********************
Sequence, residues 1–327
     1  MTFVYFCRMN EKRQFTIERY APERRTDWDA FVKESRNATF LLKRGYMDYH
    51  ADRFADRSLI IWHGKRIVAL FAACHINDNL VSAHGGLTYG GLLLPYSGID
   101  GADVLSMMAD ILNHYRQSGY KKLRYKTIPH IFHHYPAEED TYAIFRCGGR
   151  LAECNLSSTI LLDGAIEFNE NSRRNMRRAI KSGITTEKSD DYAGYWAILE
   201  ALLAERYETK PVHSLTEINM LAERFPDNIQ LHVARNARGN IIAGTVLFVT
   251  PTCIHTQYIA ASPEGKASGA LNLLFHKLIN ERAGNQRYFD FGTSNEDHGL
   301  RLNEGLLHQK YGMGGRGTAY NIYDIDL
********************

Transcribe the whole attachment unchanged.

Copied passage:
Sequence, residues 1–327
     1  MTFVYFCRMN EKRQFTIERY APERRTDWDA FVKESRNATF LLKRGYMDYH
    51  ADRFADRSLI IWHGKRIVAL FAACHINDNL VSAHGGLTYG GLLLPYSGID
   101  GADVLSMMAD ILNHYRQSGY KKLRYKTIPH IFHHYPAEED TYAIFRCGGR
   151  LAECNLSSTI LLDGAIEFNE NSRRNMRRAI KSGITTEKSD DYAGYWAILE
   201  ALLAERYETK PVHSLTEINM LAERFPDNIQ LHVARNARGN IIAGTVLFVT
   251  PTCIHTQYIA ASPEGKASGA LNLLFHKLIN ERAGNQRYFD FGTSNEDHGL
   301  RLNEGLLHQK YGMGGRGTAY NIYDIDL